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Sunday, 1 March 2015

Adriana Locke's "The Perception"


There is no greater burden than a secret, and Kari Stanley has been carrying one alone for a long time. But fate intervenes in the form of a broken down car and the kind offer of assistance from a handsome stranger with a sweet, southern drawl. In exchange, all she has to do is go to dinner with him. Temptation was never so sweet.

Max Quinn has secrets of his own. His good deeds aren't just a product of his southern upbringing; they're his atonement. As one dinner turns into two, he realizes that Kari just might be his salvation.

As they struggle to find their path together, their secrets weigh heavier on them. Will they be able to trust one another with the truth, or will their secrets keep them apart forever?


4 out of 5 stars Kindle Copy for Review

Kari Stanley has her own secrets that she never even told her sister but they soon will be unraveled.

She did not mean to fall in love when a stranger helps her when her car broke down.  All he asks was dinner for his troubles as she cannot resist his offer.

The stranger is Max Quinn who also has his own secrets.  But one dinner turns out more than either realize as they cannot help wanting more.

These two are meant for each other but will their past destroy them when their secrets come to light or can they save each other?  We root for them despite the people who try to tear them apart.

It’s about trust and learning to love the one you are meant to be despite 

Author Bio:

Adriana Locke lives and breathes books. After years of slightly obsessive relationships with the flawed bad boys created by other authors, she has created her own.

The Exception was Adriana’s debut novel and released late last year. The Perception is a stand-alone that follows two secondary characters from The Exception. Her third novel, Sacrifice, will be released Summer 2015.

Adriana lives in the Midwest with her family. She spends copious amounts of time playing with her kids, drinking coffee, and cooking. Her favorite things include sunshine, candy, and random quotes.

She loves to hear from readers. You can find her:

Twitter:         @AuthorALocke

“Ready for this?” he asked, setting everything down. He attached a green spinning piece onto the end of one line and handed it to me.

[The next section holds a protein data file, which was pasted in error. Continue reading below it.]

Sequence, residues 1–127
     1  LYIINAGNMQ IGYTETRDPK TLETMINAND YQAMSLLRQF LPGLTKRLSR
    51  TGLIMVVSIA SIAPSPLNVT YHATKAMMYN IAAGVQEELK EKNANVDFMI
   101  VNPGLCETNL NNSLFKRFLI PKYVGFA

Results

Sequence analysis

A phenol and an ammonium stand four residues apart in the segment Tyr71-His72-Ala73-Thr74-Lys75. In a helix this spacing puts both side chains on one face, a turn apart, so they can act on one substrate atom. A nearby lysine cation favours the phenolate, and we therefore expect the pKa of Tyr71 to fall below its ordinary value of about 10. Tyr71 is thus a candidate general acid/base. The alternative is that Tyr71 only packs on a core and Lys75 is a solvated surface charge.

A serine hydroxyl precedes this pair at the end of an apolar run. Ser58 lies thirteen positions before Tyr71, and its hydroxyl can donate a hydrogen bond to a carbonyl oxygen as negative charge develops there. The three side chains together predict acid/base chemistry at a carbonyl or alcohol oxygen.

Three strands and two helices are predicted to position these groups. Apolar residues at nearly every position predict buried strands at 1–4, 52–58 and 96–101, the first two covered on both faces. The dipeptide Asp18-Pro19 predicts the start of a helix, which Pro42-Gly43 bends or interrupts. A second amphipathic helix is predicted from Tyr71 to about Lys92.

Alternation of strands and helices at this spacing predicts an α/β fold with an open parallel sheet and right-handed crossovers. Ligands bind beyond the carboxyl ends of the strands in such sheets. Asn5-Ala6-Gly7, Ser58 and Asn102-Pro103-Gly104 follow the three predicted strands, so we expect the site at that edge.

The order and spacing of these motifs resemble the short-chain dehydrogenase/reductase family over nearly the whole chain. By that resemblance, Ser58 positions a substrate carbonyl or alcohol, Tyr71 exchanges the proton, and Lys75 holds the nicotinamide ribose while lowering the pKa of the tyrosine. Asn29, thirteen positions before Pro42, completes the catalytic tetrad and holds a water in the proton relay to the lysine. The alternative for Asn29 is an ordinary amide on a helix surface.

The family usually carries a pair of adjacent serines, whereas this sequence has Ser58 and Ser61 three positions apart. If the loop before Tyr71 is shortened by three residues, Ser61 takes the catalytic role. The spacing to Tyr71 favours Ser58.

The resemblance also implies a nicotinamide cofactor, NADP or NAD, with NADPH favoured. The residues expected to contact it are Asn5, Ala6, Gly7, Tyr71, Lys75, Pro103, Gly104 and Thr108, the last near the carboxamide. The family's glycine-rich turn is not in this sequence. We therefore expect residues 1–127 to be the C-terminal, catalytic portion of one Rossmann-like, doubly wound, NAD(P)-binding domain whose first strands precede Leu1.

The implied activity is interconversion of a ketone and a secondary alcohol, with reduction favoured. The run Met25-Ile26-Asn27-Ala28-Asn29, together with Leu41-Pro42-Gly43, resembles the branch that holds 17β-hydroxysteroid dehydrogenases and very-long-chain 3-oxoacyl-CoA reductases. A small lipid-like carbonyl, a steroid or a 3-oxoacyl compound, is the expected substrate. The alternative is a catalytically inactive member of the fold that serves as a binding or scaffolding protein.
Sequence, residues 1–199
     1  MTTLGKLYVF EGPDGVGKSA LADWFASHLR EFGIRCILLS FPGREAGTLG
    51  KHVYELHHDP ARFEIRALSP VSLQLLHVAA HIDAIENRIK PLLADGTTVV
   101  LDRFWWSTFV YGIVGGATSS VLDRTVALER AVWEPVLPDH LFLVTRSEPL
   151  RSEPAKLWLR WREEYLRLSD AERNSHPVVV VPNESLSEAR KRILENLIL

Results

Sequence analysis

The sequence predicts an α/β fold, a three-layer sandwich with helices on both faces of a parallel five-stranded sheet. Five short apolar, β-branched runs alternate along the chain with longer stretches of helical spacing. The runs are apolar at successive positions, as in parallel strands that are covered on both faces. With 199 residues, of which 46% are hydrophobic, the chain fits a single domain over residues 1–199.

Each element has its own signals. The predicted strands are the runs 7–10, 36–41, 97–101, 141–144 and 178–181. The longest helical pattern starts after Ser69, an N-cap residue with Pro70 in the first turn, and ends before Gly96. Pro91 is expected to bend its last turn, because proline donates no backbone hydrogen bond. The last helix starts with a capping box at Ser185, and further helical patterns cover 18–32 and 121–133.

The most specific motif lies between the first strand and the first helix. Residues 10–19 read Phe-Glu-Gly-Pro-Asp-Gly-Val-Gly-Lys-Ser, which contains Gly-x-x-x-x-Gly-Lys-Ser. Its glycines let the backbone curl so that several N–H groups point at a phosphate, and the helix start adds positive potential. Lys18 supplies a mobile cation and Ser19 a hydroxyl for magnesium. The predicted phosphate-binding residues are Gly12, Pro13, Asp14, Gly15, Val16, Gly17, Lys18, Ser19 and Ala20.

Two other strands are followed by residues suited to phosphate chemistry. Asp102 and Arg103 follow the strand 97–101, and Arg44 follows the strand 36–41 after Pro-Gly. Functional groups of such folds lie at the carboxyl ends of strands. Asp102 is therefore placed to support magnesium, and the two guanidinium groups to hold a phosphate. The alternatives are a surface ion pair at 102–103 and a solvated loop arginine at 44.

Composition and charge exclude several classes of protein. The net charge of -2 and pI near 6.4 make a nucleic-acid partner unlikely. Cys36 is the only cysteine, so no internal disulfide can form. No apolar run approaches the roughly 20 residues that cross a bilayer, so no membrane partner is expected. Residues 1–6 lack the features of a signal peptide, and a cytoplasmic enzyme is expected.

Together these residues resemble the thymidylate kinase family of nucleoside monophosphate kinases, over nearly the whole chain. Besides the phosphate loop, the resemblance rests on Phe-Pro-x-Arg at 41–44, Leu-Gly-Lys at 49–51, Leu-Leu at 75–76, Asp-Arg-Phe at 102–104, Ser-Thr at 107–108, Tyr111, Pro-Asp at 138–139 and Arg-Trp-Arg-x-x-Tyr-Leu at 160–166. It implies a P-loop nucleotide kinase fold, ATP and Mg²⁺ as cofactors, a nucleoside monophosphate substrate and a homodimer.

“Um, we’re using an ornament instead of a worm?”
Max tossed his head back and laughed. “It’s called a lure and yes, we are. Go ahead and cast out.”
I held the pole in my hand and just looked at him. “And I do that how?”
“For heaven’s sake,” he grumbled with a smile on his lips. He stood behind me and wrapped his arms around my waist, grabbing the pole.
“We could just go back inside,” I said, half kidding.
He ignored me. “You just draw it back like this, pull it forward and press this button,” he said, doing it for me. “That’s all there is to it. Now you wait for something to bite or you can reel it in and toss it out again. Up to you.”
He left me standing there and got his own pole ready. His muscles rippled through his shirt, his skin peeking from under the hemline as he reached and bent. I sat down in the cool grass and watched the show.
Max cast his line in the water a few yards away from mine. The moon began to peek through the clouds, the light making my man look even sexier.
He cast his line out again, looking completely content.
“I don’t think anything’s gonna bite,” I said, starting to reel mine in.
“That’s not the point,” he said, laughing softly.
“Getting a fish to bite isn’t the point? What am I missing?”
“Fishing is an art. You can sit here forever and not get a bite. But unless you’re feeding your family on it, it doesn’t matter.”
I looked at him like he was crazy. “Okay. So the point is to waste time?”
“No, sweetheart. The point is to let the water and the air and the quiet take you away. Fishing is something you can do alone if you need to clear your head. You can do it with a buddy or your dad if you want to bond. It’s a tradition, I guess.”
I reeled my line in and cast it out again. “So we’re bonding?”
He smirked. “This is one of my favorite ways to bond.”
“Huh. I’d have thought your favorite way to bond included more, you know, bonding. Contact. That kind of thing.” I let my gaze fall to the bulge in his jeans and looked back up again.
“You better stop looking at me like that, sweetheart,” he warned.
“Or what?”
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